Another topic that makes me feel so icky that I try to avoid books in which it’s too detailed is childbirth. (And I don’t feel bad about avoiding them since I don’t think childbirth is something everyone should read about, like slavery.) Reading about childbirth actually makes me feel nauseated. Blerg.

  4. I pretty much can’t read books with children being placed in danger, especially thrillers/crime dramas where the victim is a young child. It’s just too awful, and I can’t separate myself enough to view the book as entertainment, so if I know that’s what the book will revolve around, I’ll avoid it!

  5. I hate historical fiction that uses real historical figures as their characters. I don’t mind historical fiction itself, at all. I don’t even generally care if the things that happen in it are accurate for the time period. But there’s something about taking real people and giving them fake words, mannerisms, deeds that just makes me uncomfortable.

    • It’s ironic that you say that- I just finished Schindler’s List. The author wrote it as a novel, but everything that happens or is said was completely from history, so it read more like a memoir or even non fiction .

  6. I’ll read just about anything, though I have my favorite types of things. Still, I think reading is one of the best ways to challenge our boundaries and confront what makes us uncomfortable. Even though it makes me squeamish, it’s important to understand what slaves and victims of the Holocaust lived (and died) through, and reading is one of the very best ways to do that. Books that make me uncomfortable are some of my favorites. They stick with me and make me think, and I don’t think that’s ever a bad thing.

    Having said that, I wish I’d enjoyed The Invention of Wings more than I did. Part of it is my fault, because I have a hard time reading books set where I live. I chase down too many rabbit trails trying to place the last time I visited a particular scene or setting. I admire Kidd’s attempt to bring a slave girl to life, but in the end, her narration felt sort of stilted and flat to me. I loved the Grimke chapters, though she had way more material to work with to make those real.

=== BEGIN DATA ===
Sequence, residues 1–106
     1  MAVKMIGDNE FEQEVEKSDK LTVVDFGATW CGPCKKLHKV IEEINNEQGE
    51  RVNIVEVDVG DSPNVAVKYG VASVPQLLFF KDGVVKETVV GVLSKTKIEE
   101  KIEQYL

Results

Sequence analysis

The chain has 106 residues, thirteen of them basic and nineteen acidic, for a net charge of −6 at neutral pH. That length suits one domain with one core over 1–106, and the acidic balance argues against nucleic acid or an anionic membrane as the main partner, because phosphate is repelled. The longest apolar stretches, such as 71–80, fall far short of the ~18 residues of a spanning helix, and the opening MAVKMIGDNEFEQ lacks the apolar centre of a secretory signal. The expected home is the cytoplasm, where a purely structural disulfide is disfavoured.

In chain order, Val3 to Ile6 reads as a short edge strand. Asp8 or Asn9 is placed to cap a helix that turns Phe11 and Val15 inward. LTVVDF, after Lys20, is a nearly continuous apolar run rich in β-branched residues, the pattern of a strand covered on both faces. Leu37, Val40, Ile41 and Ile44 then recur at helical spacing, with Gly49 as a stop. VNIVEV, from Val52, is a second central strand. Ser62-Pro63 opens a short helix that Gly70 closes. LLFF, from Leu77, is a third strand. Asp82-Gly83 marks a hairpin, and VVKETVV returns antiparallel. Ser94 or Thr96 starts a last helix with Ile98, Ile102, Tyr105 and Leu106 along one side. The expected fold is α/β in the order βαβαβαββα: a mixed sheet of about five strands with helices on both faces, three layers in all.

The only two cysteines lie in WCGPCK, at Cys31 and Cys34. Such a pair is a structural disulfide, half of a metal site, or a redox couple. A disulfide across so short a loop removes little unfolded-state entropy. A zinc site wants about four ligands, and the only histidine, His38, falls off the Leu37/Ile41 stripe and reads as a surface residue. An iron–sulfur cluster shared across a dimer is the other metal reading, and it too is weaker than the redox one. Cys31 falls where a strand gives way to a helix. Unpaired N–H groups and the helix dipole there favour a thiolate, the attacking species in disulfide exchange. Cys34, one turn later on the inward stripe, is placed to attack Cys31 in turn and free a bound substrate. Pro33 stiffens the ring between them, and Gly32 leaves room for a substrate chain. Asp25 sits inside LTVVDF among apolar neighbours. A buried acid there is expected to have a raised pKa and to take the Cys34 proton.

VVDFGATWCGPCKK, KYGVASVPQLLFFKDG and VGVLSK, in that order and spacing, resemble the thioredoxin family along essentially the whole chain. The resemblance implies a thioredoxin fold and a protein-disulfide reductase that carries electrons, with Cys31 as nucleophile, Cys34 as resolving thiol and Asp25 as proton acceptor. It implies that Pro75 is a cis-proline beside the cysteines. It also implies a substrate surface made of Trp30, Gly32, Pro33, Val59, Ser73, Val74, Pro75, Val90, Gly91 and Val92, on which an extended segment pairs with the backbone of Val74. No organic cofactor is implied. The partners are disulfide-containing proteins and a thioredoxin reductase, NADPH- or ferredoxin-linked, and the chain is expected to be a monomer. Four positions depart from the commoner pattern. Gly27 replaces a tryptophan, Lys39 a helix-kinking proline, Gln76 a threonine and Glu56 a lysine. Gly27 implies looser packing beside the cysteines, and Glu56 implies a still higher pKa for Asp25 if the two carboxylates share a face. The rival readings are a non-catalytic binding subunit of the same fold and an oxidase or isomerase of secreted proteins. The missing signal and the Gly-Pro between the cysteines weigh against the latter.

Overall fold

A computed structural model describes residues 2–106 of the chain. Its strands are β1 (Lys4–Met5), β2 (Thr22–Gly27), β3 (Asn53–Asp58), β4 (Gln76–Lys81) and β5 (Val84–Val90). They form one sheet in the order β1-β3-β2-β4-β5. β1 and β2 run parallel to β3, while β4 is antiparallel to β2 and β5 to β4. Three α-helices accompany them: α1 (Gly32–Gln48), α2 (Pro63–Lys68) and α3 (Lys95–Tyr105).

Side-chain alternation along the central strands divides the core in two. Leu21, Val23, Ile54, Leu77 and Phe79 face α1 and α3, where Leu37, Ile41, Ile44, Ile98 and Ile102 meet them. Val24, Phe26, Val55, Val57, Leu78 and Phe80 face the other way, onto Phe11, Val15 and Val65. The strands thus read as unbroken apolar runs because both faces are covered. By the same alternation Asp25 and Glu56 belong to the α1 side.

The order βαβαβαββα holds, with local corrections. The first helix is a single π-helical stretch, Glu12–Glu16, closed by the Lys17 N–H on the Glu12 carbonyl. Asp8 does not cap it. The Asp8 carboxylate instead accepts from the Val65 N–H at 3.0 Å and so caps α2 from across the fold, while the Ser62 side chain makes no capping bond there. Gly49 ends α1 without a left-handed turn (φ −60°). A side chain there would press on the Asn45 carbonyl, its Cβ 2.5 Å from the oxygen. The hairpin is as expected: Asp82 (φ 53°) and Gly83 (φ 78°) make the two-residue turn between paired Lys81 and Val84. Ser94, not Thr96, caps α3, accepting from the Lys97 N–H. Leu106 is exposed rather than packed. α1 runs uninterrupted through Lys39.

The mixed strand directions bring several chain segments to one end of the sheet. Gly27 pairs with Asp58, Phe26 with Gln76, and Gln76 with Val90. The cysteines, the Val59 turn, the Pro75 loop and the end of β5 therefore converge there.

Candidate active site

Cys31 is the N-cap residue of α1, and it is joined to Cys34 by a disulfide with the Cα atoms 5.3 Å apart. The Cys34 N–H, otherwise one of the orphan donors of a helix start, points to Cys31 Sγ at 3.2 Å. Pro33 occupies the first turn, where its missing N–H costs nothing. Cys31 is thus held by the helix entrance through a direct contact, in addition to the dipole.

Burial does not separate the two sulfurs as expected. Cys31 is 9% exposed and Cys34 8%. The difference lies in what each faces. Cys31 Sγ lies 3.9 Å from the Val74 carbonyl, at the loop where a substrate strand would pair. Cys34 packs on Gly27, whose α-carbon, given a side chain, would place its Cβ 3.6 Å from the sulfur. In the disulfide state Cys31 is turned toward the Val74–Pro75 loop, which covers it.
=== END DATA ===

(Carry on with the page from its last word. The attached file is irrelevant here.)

• I don’t mind things making me uncomfortable, but there is something about fictionalizing slavery that makes it hard for me to read. I don’t know why this happens for this topic but not others. I agree that the Grimke chapters were much better in Wings.

  7. Great post! Slavery’s a big one for me too. It just makes my skin crawl, and I have a very, very hard time forcing myself to continue reading about it as close up as fiction makes it (I can manage nonfiction much more easily). Anything with flooding — images of rushing water make me uneasy — and anything with graphic sexual assault (see also: slavery). It’s not that I don’t think books can deal with those topics well, or that I don’t consider them important, but I have a really hard time reading about them myself.

  8. So interesting…I just finished Invention of Wings and am currently reading The Kitchen House and completely agree w/your feelings. I’m appalled at the fact that this type of treatment of others existed.

  9. As difficult as it was to read The Invention of Wings I still really enjoyed it! I don’t go looking for books centered around slavery but I don’t avoid them either.

    As for topics that I DO avoid, I would say domestic abuse. It just makes me feel really uncomfortable, not something I want to read about.

    PS…LOVE the green!

  10. Pingback: Week in Review | The Librarian Who Doesn't Say Shhh!The Librarian Who Doesn't Say Shhh!

  11. For me it is anything to do with abusing children – its a mother thing I think. I just can’t…although I just read Room, which was hard for me, but still a brilliant book.
    Gone with the Wind is an amazing book with so many themes – perhaps the fact that slavery wasn’t the central theme (but definitely one of them) it is easier to read.